On June 15, 2010, the Senate passed a bill sponsored by Toby Ann Stavisky to extend the exemption for social workers and certain mental health professionals until July 1, 2013. The Assembly had already passed legislation sponsored by J. Gary Pretlow authorizing the extended exemption on June 14, 2010. In addition, the bill will address unresolved corporate practice issues and mandate that a number of State agencies submit workforce data 2011. A larger stakeholder meeting will be convened after this date to address workforce problems that occurred from changes to the professional licensing laws. As active players in this issue in Albany, The Coalition will continue its involvement by fully participating in these meetings. We will also keep you updated on when this bill becomes law.
Things are beginning to move very fast with our City budget advocacy. The City Council budget negotiation team (BNT) is meeting to decide which programs will be funded in FY 2011. The Coalition is strongly advocating for the City Council to restore funding for the following programs: $550,000 for Alcoholism/Substance Abuse Voluntary Sector; $1.6M for Children Under Five; $2.4M for Geriatric Mental Health Initiative; and $975,000 Mental Health Contracts.
Funding for The Coalition’s Professional Learning Center (PLC) seems to be at risk. The primary goal of the PLC is to provide training and technical assistance to the behavioral health sector on issues that have direct financial and regulatory consequences to community based organizations. This is the type of training and education that is not provided by public agencies and is prohibitive for individual agencies to sponsor themselves. For the past 12 years, the City Council has restored $100,000 to the PLC allowing thousands of staff at every level of operations to participate in training. This year we delivered 25 workshops to1,800 people with this funding.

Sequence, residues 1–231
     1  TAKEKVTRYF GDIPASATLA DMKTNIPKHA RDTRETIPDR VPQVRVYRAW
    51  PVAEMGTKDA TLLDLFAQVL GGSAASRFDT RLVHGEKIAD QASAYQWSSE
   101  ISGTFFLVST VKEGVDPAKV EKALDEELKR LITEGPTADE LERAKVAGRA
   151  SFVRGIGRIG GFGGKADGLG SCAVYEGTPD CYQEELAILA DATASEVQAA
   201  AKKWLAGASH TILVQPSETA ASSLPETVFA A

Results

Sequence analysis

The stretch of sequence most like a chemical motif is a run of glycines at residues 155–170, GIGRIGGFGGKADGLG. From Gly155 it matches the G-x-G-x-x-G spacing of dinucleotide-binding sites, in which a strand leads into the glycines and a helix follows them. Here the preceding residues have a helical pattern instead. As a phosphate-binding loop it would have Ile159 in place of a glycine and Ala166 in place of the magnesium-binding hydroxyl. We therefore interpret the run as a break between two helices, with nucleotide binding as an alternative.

The Coalition is also aggressively working to restore $10.5M in cuts to Mental Hygiene programs for outreach, advocacy, non-Medicaid reimbursable case management, and medically supervised drug and alcohol outpatient treatment. We presented testimony on June 7, 2010 before the City Council on the Mayor’s Fiscal Year 2011 Executive Budget. It is very important to reach out to your Council Member and tell them to restore these cuts.
The Coalition’s Center for Rehabilitation and Recovery held a PROS Learning Collaborative meeting on June 15th which featured a presentation from Veronica DeKoning (“Roni”) of the Clubhouse of Suffolk. Roni spoke to a group of 35 professionals representing a variety of agencies in New York City, all of whom were eager to learn how to start and successfully run a PROS program. Beyond sharing operational tips, Roni described leadership strategies that have helped to create a strong culture of recovery at her program. These include involving Clubhouse members in the hiring of new PROS staff, co-creating program schedules with staff and members, and providing regular staff supervision and training to support effective teamwork. Taken together, these approaches have helped to build and maintain a culture of recovery that values learning, empowerment, and responsibility, all of which encourages members to create a life beyond the program.
Participants in the PROS Learning Collaborative were given ample opportunity to ask Roni questions and exchange ideas with each other. In the last hour of the meeting, David Bucciferro and Susan Friedlander of the State Office of Mental Health joined the discussion and addressed questions regarding regulatory compliance and effective programming. Given the success of these meetings, the Center plans to continue them next fiscal year.